If Gumby had gone on a mystical journey through space and time – starting perhaps in an ancient Congolese village, making a left turn in King Louis XV’s court, rolling through an Andy Goldsworthy installation and ending up at an all night Mardi Gras bash – he might end up looking like one of Nick Cave’s freakishly beautiful “Soundsuits.”
On display at the Fowler Museum in L.A. until the end of May are 35 of the artist/dancer’s costume creations. As beautiful and haunting as these works are standing still, they can’t be fully appreciated unless seen and heard. In the tradition of African tribal masks and costumes, these “sculptures” are meant to be danced in, transforming the wearer into a god, an animal, a tree, a bogeyman.
This is the art of reclamation. Nick Cave said he was inspired to create his first soundsuit right after the Rodney King beatings, a reclamation of black power which drew on ancient tribal precedents, transfiguring a million twigs into a single 8’ tall crunchy, rustling monster.
Inside the first sound suit, man becomes nature -- a bogeyman on a mission to transform vanishing fragments of times past into living breathing form.
The first soundsuit sent Cave on his path. Each of his subsequent creations would be fabricated almost entirely from found or discarded objects – buttons, old swatches of fabric, socks or hats, crotched potholders, old tins, vintage toys or ceramic birds, even died human hair.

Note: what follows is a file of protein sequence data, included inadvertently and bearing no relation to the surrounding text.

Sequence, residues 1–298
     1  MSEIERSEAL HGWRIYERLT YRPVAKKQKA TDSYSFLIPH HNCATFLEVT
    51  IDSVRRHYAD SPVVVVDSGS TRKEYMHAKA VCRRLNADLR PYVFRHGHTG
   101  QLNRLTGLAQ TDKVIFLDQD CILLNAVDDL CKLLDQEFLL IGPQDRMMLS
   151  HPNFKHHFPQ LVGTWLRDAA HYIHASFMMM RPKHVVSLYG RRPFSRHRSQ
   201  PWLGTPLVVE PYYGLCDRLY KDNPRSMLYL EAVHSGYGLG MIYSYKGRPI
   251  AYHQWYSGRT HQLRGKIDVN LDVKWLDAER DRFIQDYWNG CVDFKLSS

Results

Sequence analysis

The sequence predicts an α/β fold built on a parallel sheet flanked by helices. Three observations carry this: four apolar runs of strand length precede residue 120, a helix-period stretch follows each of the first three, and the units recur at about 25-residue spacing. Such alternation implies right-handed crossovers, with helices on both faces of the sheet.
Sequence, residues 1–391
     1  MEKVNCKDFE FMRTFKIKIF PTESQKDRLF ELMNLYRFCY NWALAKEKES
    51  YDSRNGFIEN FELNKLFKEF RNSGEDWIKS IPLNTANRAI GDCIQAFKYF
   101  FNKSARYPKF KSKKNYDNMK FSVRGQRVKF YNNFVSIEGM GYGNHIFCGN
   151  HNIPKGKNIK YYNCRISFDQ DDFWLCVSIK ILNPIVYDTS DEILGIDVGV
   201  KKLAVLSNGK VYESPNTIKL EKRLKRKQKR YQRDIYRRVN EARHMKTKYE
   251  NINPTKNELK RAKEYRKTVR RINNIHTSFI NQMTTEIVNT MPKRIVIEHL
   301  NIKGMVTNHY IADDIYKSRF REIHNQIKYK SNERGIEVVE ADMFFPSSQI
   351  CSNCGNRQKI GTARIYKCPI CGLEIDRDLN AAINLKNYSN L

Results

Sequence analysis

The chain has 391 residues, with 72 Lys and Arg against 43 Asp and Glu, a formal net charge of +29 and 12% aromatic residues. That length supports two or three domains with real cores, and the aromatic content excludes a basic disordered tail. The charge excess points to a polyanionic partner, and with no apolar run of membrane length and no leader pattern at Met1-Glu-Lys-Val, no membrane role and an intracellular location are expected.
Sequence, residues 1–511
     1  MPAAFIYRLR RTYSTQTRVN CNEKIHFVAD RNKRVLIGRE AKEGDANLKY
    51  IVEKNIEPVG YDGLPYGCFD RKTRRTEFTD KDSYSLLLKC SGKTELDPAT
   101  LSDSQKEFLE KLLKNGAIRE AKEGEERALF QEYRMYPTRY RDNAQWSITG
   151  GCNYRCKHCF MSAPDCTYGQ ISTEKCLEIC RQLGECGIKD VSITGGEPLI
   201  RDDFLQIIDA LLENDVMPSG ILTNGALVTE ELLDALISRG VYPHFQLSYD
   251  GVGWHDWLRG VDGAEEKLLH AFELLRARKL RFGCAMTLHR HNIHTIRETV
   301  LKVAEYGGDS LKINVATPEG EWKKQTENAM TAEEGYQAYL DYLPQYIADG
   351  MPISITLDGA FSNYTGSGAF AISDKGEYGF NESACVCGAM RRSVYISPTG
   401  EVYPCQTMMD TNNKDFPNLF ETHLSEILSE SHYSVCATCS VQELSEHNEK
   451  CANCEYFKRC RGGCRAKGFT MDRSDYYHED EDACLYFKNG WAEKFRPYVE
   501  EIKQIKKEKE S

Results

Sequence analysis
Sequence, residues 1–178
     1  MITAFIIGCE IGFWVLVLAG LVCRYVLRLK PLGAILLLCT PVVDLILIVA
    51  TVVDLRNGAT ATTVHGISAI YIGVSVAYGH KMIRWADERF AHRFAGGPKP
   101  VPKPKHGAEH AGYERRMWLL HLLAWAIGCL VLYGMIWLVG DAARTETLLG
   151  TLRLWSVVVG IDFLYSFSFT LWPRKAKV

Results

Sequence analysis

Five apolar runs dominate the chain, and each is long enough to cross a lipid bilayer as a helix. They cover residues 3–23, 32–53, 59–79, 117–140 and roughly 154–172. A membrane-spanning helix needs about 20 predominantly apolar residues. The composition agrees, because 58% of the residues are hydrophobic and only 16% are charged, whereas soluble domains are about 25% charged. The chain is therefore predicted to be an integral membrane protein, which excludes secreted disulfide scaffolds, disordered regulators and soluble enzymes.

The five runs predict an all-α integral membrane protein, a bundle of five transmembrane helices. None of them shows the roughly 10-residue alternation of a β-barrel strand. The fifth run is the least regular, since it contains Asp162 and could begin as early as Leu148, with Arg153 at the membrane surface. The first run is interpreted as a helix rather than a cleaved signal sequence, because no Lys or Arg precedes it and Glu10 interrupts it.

Cave collages together these artifacts which serve both to acknowledge the old days (when people had time to actually hand knit an intricately patterned hot pad) and to celebrate the pure graphic qualities of a simple thing taken dramatically into a new context.
Cave is attracted to the “low craft high art things that are discarded…devalued” because, as he says, they offer an opportunity for him and his audience to “renegotiate their roles.”
It strikes me that we are a society desperately in need of renegotiating our agreements with the corporate-driven forces of homogeneity, and Nick Cave’s noisy, outlandish, color saturated art gives some hints about where to start.
- Karl Burkart